jump to navigation

For Health, Size Does Matter 2004-11-11

Posted by clype in Health, Statistics.

To find out how healthy you are, just reach for a tape measure.

Good: Big Head

A bigger head means bigger brains — and more protection against ‘Alzheimer’s Disease’. Dutch scientists found that the increased number of neurons in a larger head helps minimise the effects of tissue loss and damage from ageing.

In a study [unref] of more than 800 healthy people aged 50 to 81, those with bigger heads had increased intelligence and cognitive functioning and processed information faster. Those with smaller heads were slower at processing information and had an increased risk of ‘dementia’.

The average head size for women is 535 mm to 570 mm and for men it is 560 mm to 585 mm, measured around the widest part of the head just above the ears.

Good Thin Waist

A larger waist in both men and women increases the likelihood of heart and circulation problems. And a Dutch study [unref] has found that the bigger your waist, the more days you’ll take off sick.

Professor Mr.Mike Lean, of ‘The University of Glasgow’ has found that larger waists are linked with heart disease.

A waist measurement exceeding 810 mm for women and 940 mm for men puts you at greater risk of high ‘blood pressure’ and high ‘cholesterol’.

A waist of more than 890 mm for a woman or 1 000 mm for a man is classed as high risk for ‘heart disease’.

Good: Thin Neck

A thick neck can indicate serious snoring or ‘sleep apnoea’ — where breathing temporarily stops — due to the reduced airway in the throat.

The average neck circumference for a man is 400 mm and for a woman 375 mm.

Men with a neck larger than 430 mm and women with a neck larger than 405 mm are thought to be more at risk from ‘sleep apnoea’, which may lead to high ‘blood pressure’, ‘heart failure’, ‘heart attack’ or ‘stroke’.

Good Tall Height

Taller people are generally healthier and live longer.

Bristol University researchers examined nearly 500 sets of adult skeletons dating back to the 9th Century and found smaller people tended to die younger. Poor nutrition in childhood could limit growth and raise the risk of health problems.

Women under 1 525 mm are more at risk of childbirth complications.

Men 1 700 mm or less are more prone to heart attacks than 1 800 mm tall men.

Good: Big Pelvis

(women only)
Pelvis size is crucial in childbirth as it has to be big enough for the baby to come out. Women with very narrow pelvises could need a ‘Caesarean Section’.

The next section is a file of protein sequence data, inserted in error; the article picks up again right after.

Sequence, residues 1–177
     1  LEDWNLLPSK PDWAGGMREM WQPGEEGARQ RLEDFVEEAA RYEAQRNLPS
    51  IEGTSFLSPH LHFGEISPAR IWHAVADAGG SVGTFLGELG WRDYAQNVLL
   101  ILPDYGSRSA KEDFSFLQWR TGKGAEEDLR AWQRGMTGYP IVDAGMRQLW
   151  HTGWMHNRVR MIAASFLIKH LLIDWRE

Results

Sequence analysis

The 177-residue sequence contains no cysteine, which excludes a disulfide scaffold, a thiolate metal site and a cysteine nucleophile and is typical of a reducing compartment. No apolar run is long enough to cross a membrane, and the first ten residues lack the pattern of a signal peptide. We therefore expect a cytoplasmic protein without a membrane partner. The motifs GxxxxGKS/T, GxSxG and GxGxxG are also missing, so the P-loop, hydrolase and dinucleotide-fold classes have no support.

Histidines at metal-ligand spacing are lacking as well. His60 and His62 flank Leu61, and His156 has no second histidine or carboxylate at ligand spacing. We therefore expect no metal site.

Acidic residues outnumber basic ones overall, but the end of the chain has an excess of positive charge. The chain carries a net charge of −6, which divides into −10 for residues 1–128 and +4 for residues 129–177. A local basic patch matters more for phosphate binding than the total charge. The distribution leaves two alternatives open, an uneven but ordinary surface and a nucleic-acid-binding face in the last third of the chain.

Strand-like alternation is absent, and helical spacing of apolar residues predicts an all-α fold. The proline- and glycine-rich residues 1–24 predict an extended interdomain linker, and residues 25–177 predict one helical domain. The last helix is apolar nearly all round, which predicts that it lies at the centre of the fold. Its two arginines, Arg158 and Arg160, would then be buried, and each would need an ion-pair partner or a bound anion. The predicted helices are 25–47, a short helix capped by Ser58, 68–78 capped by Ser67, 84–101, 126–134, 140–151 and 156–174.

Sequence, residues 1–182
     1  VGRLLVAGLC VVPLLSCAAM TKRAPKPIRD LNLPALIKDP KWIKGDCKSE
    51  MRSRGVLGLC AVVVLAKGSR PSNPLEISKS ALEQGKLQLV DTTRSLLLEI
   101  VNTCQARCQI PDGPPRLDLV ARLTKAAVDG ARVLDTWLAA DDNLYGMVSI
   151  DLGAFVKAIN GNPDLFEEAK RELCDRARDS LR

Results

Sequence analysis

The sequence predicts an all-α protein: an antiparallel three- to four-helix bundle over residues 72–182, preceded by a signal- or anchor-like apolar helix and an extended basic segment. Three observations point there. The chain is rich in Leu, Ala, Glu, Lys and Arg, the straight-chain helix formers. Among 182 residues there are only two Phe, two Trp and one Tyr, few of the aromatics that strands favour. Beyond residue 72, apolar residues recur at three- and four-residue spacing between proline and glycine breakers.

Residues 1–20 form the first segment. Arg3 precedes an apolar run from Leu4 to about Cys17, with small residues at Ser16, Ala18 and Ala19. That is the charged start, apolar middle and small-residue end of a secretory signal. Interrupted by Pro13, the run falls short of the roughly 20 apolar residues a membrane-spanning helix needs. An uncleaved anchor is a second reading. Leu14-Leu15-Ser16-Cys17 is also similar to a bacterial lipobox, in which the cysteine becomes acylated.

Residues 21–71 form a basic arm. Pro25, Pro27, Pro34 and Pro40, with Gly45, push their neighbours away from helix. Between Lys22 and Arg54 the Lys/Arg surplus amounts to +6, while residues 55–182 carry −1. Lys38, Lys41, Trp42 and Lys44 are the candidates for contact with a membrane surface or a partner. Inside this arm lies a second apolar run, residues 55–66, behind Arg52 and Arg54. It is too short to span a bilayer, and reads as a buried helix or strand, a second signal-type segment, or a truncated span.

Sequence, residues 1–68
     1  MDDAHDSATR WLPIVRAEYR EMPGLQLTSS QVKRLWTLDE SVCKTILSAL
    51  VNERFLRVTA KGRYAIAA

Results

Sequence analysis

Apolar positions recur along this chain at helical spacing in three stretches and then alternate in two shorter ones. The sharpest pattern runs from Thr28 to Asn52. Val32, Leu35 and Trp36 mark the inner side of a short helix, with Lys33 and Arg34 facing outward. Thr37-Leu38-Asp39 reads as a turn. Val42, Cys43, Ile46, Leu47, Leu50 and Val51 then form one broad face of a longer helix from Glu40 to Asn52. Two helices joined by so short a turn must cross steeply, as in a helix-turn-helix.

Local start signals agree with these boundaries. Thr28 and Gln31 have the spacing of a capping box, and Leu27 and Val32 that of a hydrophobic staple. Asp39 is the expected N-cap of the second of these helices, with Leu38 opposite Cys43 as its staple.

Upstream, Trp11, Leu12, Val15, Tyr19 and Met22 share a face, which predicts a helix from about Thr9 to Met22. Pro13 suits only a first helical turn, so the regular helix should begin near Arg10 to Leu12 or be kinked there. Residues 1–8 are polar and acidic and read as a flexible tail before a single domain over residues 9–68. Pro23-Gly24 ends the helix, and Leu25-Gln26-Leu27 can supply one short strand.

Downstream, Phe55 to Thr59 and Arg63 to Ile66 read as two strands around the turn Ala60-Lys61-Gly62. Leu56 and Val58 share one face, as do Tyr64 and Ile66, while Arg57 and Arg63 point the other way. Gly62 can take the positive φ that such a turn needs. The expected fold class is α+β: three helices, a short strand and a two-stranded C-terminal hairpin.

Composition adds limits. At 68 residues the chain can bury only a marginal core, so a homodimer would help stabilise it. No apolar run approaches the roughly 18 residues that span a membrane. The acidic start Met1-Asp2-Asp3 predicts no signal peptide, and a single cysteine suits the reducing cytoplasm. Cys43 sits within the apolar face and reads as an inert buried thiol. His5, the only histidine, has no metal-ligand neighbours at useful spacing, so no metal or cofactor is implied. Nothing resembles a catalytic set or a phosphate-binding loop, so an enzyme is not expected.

It’s hard to measure your pelvis accurately, but its size is generally in line with the rest of your body and frame size.

Lie down and measure the distance between the two hip bones that jut out. An average pelvis is 280 mm to 300 mm.

Good: Big Hips

(women only)
Small Hips: Slim-hipped women who put on weight around their stomach are more likely to die prematurely from a range of health problems, says a Swedish study [unref]. Another [unref] found they also face greater difficulties in conceiving.

In women of this shape, fat is broken down and re-formed to circulate in the blood, triggering problems such as heart disease. Fat around the bottom and thighs doesn’t break down in the same way.

Big Hips: Pear-shaped women build up fat around their thighs and hips, leading to lower risk of heart disease, high-blood pressure and diabetes. Women with a hip size of more than 1 030 mm suffered less diabetes, fewer heart attacks and less cardiovascular disease.

Women should divide their waist measurement by their hip measurement. 0.8 or more is an apple, 0.75 is a healthier pear and 0.70 is a very healthy pear.

Good: Broad Shoulders

(men only)
Narrow shoulders could indicate a greater risk of prostate cancer. Researchers in North Carolina, USA, [unref] found that men who go through puberty later have broader shoulders. Prostate cancer is thought to be influenced by hormone levels, so the narrower the shoulders — even by 10 mm or less — the higher the risk.

The average width across a man’s shoulders is 412 mm.



1. Skinny Fashion Ban « Clipped News - 2006-10-29

[…] For Health, Size Does Matter 2004-11-11 […]

2. People are Bigger Now « Clipped News - 2006-10-29

[…] For Health, Size Does Matter 2004-11-11 […]

3. Fragrant_vagrant - 2009-03-13

A Bigger Backside Can Be Better For Your Health
Created On: Thursday, 12 Mar 2009, 9:02 AM MDT

– You’ve probably heard “An apple a day keeps the doctor away.”
New research suggests a plump apple bottom might do the same.
FOX 10’s Diane Ryan takes a closer look at why a big backside may mean better health…

Leave a Reply

Fill in your details below or click an icon to log in:

WordPress.com Logo

You are commenting using your WordPress.com account. Log Out /  Change )

Google+ photo

You are commenting using your Google+ account. Log Out /  Change )

Twitter picture

You are commenting using your Twitter account. Log Out /  Change )

Facebook photo

You are commenting using your Facebook account. Log Out /  Change )


Connecting to %s

%d bloggers like this: